Appealing for aid on the basis that there are no tax havens in the Caribbean is not going to work

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Guy Hewitt, who is the Barbados High Commissioner to the UK, has an article in the Guardian this morning arguing that it is is grossly unjust that assistance cannot be provided to the hurricane damaged Caribbean islands out of the overseas aid budget. Taking a swipe at Christian Aid, who have argued that this is an inappropriate use of those budgets, he says:

The prevailing view of the international donor community is that the gross national income per capita of these islands is too high for them to have access to aid budgets designed to relieve poverty, a perspective shared by the international NGO community.

He follows this, saying:

This perspective is premised on two misconceptions. First, the egregious notion that “tax havens” exist in the Caribbean. While the Caribbean contains low tax jurisdictions, they form part of a wider strategy to diversify Caribbean economies. Moreover, the development of international business and financial centres mirrors the practice of many developed countries as shown by a report published by Oxfam last December, in which Ireland, Luxembourg and the Netherlands are ranked among the world’s 10 lowest-tax jurisdictions.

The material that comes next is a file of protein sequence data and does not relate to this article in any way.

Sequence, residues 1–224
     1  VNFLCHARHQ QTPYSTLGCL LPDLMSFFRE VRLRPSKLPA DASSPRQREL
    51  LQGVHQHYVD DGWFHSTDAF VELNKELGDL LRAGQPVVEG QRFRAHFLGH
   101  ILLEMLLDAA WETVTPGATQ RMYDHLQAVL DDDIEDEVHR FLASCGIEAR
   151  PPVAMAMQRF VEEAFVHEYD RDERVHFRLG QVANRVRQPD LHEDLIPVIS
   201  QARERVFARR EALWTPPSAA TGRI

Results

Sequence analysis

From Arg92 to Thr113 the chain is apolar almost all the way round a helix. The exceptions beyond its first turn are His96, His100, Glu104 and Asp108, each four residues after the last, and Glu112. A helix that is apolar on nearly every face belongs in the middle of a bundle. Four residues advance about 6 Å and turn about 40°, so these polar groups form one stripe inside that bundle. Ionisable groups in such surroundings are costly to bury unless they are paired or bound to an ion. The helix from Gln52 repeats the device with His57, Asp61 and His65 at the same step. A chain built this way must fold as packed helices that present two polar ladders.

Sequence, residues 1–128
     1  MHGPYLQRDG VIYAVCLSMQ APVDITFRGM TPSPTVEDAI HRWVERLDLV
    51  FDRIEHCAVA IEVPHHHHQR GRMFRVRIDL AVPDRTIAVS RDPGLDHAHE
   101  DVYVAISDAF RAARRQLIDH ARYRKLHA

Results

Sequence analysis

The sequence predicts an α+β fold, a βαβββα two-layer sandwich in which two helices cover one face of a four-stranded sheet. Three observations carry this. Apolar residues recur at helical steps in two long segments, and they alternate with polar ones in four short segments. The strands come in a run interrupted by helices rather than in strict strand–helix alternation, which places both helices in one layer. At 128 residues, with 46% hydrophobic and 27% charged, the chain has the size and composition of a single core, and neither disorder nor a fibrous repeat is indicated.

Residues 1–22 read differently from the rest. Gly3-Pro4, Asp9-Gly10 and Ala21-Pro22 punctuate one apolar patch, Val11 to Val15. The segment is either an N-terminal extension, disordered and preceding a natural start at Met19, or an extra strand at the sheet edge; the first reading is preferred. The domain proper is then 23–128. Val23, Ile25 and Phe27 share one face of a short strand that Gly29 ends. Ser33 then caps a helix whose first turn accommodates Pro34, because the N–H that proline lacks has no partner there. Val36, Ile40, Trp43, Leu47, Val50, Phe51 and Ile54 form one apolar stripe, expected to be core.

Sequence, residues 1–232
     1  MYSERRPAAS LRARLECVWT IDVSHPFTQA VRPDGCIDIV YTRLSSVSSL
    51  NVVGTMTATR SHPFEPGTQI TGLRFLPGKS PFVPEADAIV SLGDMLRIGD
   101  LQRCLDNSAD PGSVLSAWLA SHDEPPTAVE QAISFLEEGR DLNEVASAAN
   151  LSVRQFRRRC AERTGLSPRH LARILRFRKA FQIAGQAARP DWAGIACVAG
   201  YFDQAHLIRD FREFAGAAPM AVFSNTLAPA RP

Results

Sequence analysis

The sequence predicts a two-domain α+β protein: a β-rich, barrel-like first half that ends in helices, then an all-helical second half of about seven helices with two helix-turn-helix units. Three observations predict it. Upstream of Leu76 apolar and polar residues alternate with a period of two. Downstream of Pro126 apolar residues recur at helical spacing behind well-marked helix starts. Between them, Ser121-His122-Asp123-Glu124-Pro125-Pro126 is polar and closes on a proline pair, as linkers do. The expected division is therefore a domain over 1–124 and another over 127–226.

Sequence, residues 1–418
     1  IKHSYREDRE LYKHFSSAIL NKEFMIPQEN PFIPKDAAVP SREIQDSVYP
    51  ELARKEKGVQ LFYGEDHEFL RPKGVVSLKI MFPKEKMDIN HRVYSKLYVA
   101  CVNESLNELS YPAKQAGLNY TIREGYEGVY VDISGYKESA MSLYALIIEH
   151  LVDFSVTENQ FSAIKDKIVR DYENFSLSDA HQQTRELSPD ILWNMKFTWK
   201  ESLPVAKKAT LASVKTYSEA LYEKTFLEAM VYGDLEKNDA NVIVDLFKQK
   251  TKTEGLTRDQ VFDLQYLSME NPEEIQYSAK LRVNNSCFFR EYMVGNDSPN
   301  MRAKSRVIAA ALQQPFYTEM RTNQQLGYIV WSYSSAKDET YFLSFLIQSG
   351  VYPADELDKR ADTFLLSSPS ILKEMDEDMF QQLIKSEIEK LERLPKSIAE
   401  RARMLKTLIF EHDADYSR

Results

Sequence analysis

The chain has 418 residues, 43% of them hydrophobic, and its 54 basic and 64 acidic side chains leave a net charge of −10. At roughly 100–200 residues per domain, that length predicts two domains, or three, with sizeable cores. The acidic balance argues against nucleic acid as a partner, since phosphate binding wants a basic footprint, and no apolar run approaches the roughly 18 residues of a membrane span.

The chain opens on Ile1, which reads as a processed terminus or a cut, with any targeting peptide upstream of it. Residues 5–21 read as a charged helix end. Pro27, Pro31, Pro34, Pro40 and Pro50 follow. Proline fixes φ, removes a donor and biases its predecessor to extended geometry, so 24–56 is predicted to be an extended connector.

The second fallacy is the limited way in which the deserving poor are identified. DAC rules restrict overseas aid to low- and middle-income countries based on GNI per capita as computed by the World Bank. This classification by economic data alone is both dated and myopic. It ignores the acute vulnerability of small countries, particularly those island states in the Caribbean and Pacific vulnerable to catastrophic storms.

Three thoughts.

First, nothing is preventing aid by direct grant or loan; it just cannot come from the aid budget. So let's stop the stupidity here: if the UK wants to assist it can do so. It is just untrue to say aid cannot be given.

Second, appealing for aid on the basis that the BVI is not a tax haven stretches credibility beyond any known limits.

Third, these places do have high GDPs because they are tax havens. They have traded on it. Yes they are remote. That's why they are tax havens. But that also required them to raise sufficient funding to manage contingencies and the opportunity was there, and was not taken. Those who have worked so hard in these places to undermine the state do really need to know that this dangerous game that they have been playing has to end as a condition of any support. Nothing less will do.

I suggest His Excellency the High Commissioner changes his negotiating position. The one he's got is not appealing.